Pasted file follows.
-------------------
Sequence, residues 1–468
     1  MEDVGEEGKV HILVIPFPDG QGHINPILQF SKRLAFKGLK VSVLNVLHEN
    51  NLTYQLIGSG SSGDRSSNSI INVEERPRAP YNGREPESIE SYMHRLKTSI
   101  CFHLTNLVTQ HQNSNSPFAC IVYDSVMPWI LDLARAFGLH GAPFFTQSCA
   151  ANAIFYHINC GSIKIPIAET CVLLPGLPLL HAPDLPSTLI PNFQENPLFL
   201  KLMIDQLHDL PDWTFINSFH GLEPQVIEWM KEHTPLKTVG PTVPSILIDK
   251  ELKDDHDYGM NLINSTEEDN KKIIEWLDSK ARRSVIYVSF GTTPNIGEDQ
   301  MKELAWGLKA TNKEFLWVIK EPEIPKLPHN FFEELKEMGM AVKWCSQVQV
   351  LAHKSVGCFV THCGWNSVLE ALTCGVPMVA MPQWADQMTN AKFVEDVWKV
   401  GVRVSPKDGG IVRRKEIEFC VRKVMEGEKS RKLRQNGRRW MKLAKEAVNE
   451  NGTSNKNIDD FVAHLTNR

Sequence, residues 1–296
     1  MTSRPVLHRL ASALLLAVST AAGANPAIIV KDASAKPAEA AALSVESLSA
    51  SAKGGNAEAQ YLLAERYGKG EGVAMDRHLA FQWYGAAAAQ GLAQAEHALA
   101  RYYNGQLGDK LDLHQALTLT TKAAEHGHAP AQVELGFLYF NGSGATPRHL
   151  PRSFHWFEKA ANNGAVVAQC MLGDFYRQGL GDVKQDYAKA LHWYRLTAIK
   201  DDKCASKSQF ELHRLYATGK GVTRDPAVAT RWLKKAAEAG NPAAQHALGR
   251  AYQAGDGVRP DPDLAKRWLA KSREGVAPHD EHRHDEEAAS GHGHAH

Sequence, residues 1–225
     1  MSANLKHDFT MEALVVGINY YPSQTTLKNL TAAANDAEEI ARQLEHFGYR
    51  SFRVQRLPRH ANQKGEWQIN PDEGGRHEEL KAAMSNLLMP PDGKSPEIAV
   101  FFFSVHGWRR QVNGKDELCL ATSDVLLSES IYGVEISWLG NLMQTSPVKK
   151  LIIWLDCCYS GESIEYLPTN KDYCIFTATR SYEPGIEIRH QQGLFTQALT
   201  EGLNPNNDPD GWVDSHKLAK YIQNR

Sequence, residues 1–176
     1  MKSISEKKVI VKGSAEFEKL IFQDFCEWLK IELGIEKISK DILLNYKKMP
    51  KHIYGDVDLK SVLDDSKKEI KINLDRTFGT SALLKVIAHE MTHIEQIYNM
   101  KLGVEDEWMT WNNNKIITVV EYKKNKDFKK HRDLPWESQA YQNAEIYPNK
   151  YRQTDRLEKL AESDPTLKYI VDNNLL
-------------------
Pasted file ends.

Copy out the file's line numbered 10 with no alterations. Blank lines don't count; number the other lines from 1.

   401  GVRVSPKDGG IVRRKEIEFC VRKVMEGEKS RKLRQNGRRW MKLAKEAVNE